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  • Elsa Roubíček (1904 - c.1942)
    Birth Record: Born 03. 06. 1904 last residence before deportation: * Prague, X address/place of registration in the Protectorate: * Prague X, Sudetská 9 Transport N, č. 607 (17.12.1941 Prag...
  • Anna Meyerhoff (1893 - aft.1942)
    Eintrag im »Gedenkbuch« des Bundesarchivs: Meyerhoff, Anna geborene Rosenbaum geboren am 08. Juli 1893 in Padberg / Brilon / Westfalen wohnhaft in Niedermarsberg Deportation: ab Dortmund 30. Apri...
  • Hedwig Strauß (1880 - aft.1942)
    Eintrag im »Gedenkbuch« des Bundesarchivs: Strauß, Hedwig geborene Schönenberg geboren am 18. Mai 1880 in Hamm / - / Westfalen wohnhaft in Hagen i. Westf. Deportation: ab Dortmund 30. April 1942,...
  • Susanna Roubíček (1930 - c.1942)
    Last residence before deportation: Prague X Address/place of registration in the Protectorate: Prague X, Sudetská 9 Transport N, no. 608 (17. 12. 1941, Prague -> Terezín) Transport Ar, no. 93...
  • Hans Roubíček (1934 - c.1942)
    Deportation and Death: Last residence before deportation: Prague X Address/place of registration in the Protectorate: Prague X, Sudetská 9 Transport N, no. 609 (17. 12. 1941, Prague -> Terezín)...

In 1941, prior to the invasion of the Soviet Union, the Bauleitung der Luftwaffe began to build airfields at Mokre and Labunie, near Zamosc. Jewish work camps were also established in these villages. A group of Jews from the ghetto worked in these camps, which survived the liquidation of the ghetto itself. The number of Jewish workers there was enlarged in 1942. Several dozens of the Czech Jews deported to Zamosc and Izbica were sent to the camp in Labunie, which was finally liquidated in 1943 when all of the workers were executed.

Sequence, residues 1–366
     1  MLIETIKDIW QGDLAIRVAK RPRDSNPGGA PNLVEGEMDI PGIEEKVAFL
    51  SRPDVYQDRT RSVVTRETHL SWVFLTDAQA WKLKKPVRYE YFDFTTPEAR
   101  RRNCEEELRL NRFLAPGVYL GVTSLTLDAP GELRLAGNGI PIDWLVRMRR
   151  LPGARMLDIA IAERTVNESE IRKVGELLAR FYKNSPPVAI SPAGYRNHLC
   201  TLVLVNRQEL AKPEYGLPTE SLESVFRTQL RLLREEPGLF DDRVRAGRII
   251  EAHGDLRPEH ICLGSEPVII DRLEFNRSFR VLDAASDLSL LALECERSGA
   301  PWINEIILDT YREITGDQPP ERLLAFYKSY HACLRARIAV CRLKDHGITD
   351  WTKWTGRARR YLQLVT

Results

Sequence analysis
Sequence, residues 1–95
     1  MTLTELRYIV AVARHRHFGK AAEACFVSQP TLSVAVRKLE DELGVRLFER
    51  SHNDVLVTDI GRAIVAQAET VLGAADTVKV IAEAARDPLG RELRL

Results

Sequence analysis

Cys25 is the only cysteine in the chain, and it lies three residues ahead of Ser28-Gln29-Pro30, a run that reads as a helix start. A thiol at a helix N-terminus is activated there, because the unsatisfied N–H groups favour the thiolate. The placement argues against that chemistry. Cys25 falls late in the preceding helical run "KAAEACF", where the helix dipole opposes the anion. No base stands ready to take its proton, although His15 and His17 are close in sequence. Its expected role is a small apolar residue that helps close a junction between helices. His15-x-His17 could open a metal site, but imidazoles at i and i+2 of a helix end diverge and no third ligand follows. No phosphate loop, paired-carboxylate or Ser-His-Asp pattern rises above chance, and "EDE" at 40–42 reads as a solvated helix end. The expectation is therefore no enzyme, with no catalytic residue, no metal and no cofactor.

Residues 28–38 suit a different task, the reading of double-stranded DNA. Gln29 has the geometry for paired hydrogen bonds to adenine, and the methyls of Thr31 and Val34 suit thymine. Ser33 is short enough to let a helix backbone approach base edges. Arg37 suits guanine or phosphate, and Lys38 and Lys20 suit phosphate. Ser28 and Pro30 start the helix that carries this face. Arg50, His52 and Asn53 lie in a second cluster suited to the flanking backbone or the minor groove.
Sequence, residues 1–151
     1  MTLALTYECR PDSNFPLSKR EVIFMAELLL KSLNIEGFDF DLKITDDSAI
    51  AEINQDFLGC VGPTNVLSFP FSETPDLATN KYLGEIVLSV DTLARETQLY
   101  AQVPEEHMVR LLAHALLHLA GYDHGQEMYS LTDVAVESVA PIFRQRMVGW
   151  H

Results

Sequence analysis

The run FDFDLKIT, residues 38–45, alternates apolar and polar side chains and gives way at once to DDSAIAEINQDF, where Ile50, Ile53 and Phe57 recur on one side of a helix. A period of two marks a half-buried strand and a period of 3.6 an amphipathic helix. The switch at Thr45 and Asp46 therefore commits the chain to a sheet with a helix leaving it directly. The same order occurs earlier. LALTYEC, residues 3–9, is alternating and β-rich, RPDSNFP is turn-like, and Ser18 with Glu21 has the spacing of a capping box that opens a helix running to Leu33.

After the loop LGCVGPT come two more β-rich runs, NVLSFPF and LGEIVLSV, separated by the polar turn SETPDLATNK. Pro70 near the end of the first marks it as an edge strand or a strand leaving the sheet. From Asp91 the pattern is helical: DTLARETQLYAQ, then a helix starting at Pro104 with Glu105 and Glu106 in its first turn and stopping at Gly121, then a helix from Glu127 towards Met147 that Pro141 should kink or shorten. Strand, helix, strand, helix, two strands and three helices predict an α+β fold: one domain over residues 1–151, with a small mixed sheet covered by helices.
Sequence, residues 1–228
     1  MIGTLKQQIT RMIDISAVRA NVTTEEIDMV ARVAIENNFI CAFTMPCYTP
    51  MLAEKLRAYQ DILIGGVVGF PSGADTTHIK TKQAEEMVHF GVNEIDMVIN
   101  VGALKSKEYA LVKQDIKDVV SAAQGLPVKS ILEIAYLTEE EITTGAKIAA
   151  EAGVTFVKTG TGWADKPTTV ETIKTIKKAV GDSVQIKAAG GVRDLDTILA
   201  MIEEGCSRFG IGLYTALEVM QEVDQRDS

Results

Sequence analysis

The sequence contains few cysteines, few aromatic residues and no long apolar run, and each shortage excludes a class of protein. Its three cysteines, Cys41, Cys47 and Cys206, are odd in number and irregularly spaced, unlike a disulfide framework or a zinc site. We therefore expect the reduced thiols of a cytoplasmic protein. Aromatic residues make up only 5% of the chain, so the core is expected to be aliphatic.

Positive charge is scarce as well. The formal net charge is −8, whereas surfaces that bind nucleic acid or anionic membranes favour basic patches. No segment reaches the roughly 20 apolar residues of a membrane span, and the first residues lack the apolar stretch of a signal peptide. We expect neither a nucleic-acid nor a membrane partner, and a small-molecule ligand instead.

In early April 1941, the Jews were ordered to move to an impoverished quarter in the New Town, the poorest district in Zamosc. In the main, before the war only Orthodox and destitute Jews had lived there. Many houses in what was to become the ghetto had been destroyed in the early days of the war, and those that remained were extremely dilapidated. The conditions of life were very primitive.

In 1941 when the Zamosc Jews had to move into New Town, many houses there were empty. It was from this part of the town that most of the Jews had escaped to the Soviet Union. The deadline for moving was 1 May 1941. The Judenrat conducted a census immediately after the establishment of the ghetto and discovered that it contained 7,000 Jews. The ghetto was not "closed", but exit from it by Jews was only permitted at certain times. Poles, on the other hand, were allowed access to the ghetto, which helped to ameliorate the usual drastic shortages of food and other essentials common to all ghettos. Until June 1941 and the German invasion of the Soviet Union, there was even a functioning post office in the ghetto.

At the end of March and in early April 1942, rumours began to circulate in the ghetto concerning mass deportations from ghettos in the Lublin area to the extermination camp at Belzec.


In the second half of March 1942, Jews from towns adjacent to Zamość were taken to Belzec. On March 24, 2,200 Jews were evacuated from Izbice and a few days later some 3,400 Jews from Piask. In the wake of these news, rumors spread in Zamość about the local ghetto being “evacuated east”. All the Zamość Jews awaited the Aktcia with great anxiety.

On Saturday April 11, 1942 at 2 P.M., German units surrounded the whole New Town. The checkpoints surrounding the Zamość ghetto were manned by German police [including the Reiter Polizei Abteilung on horseback], military police, Szupo units [under the command of Schworhoff, the commander of the Zamość company], and members of the local S.D. The checkpoints were set up on all roads leading out of the ghetto, no one was permitted to leave Nova Osada; on the other hand all the Jews who happened to be outside the ghetto at the time were allowed in. All of this provided clear evidence that the evacuation was soon to begin. A little later the whole command in charge of the evacuation came to the office of the Judenrat, together with almost the whole team of the local Gestapo, including the commander responsible for the Aktzia, Hauptsturmfuhrer Gotthard Schubert and his deputy Bohlman, and the official in charge of the minorities in the district, Oskar Reichwein.